NEW YORK: Josephine Decker’s prickly, unnerving “Shirley,” is set mostly in the Bennington, Vermont, home of the reclusive writer Shirley Jackson (Elisabeth Moss) and her husband, the literary critic Stanley Hyman (Michael Stuhlbarg).
It also takes place in the gothic, heightened realm of one of Jackson’s own stories. Sometimes called a horror writer, Jackson penned the vividly violent allegory “The Lottery” and the ghost story “The Haunting of Hill House.”
In “Shirley,” Jackson is just beginning what will be her 1951 novel “Hangsaman,” inspired by the disappearance of an 18-year-old college girl.
Adapted by Sarah Gubbins from a novel by Susan Scarf Merrell, “Shirley” doesn’t stick faithfully to autobiography. In real life, she and Hyman had four children and lived elsewhere. Here, their childless, academic life is soaked through with the bitterness and free-flowing cocktails of “Who’s Afraid of Virginia Woolf.”
When a young academic protege named Fred (Logan Lerman) and his wife Rose (Odessa Young) move in, an increasingly claustrophobic psychological drama takes hold. Art and reality get distorted while deeper truths come sharply in focus. “Shirley” is like a distorted prism through which you can see clearly.
This is Decker’s fourth film and she has firmly established herself as a director of intense and immersive craft. Cunning in its perspectives, her filmmaking is intricately tied to the psychologies -- and sometimes the psychoses -- of its characters. Decker’s last film, “Madeline’s Madeline,” was about a teenage girl struggling with mental illness while finding expression in a theater workshop.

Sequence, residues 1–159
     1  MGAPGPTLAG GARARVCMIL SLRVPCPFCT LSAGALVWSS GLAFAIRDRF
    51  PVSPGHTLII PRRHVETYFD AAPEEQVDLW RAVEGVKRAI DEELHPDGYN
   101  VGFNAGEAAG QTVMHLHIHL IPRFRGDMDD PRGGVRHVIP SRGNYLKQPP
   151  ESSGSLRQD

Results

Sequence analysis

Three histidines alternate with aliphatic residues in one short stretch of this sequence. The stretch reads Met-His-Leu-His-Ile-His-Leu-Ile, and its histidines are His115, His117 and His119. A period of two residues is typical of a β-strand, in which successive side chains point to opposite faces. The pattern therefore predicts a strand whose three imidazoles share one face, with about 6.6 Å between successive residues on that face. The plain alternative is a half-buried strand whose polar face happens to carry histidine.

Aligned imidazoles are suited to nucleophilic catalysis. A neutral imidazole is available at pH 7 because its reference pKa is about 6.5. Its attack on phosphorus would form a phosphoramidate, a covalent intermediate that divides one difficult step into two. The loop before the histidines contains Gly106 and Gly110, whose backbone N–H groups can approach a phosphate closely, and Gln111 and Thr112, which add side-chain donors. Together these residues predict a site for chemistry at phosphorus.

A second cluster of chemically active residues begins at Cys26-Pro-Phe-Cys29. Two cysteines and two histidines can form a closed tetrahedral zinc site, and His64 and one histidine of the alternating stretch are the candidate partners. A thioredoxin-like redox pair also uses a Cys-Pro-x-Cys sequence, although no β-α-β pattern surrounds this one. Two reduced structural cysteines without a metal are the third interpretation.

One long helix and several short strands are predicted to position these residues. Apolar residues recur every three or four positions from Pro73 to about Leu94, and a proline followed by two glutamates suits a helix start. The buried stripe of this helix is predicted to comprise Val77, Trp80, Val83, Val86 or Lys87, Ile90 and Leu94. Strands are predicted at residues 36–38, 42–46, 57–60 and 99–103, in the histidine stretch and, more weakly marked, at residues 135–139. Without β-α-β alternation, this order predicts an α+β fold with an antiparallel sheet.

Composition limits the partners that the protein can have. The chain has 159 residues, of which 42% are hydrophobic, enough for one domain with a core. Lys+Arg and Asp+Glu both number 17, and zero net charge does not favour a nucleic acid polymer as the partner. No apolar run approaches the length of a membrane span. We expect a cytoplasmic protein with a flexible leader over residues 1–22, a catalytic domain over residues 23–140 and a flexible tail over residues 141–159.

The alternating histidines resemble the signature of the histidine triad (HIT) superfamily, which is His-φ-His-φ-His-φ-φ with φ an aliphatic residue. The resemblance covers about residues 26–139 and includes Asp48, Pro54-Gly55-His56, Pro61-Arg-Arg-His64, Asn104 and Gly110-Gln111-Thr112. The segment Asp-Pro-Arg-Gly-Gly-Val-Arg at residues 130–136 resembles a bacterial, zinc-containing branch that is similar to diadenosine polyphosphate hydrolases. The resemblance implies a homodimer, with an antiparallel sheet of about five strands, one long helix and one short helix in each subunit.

Lines likewise blur in “Shirley.” The film may ultimately reside in the mind of Jackson but we enter into it from the viewpoint of Rose. The young couple, initially planning to stay with Hyman and Jackson for only a few days, are coaxed into staying.
Rose, pregnant and forced into playing the role of housewife, is seemingly an opposite to Shirley, but they’re drawn together by the shared misogyny they live under. Rose tells her reading “The Lottery” made her feel “thrillingly horrible.” Shirley smiles.
They are each rebelling in their own way to a suffocating sexism. Furious at her husband’s open affair and his manipulative criticism of her work (Stuhlbarg is oppressively good), Shirley has been branded a “witch.” Rumored to be mad, she has perversely taken to the role -- and invites Rose (who’s beginning to grasp the same frustrations) to join her.
“What happens to all lost girls?” Shirley says of her book. “They go mad.”
There are few more daring actors around right now than Moss, and “Shirley” may be her best performance yet. She’s brutally cutting but the pain of every slight ripples across her face. A lifetime of repression has hardened and mangled her, turning her gloriously monstrous. The men around her can’t possibly fathom her power.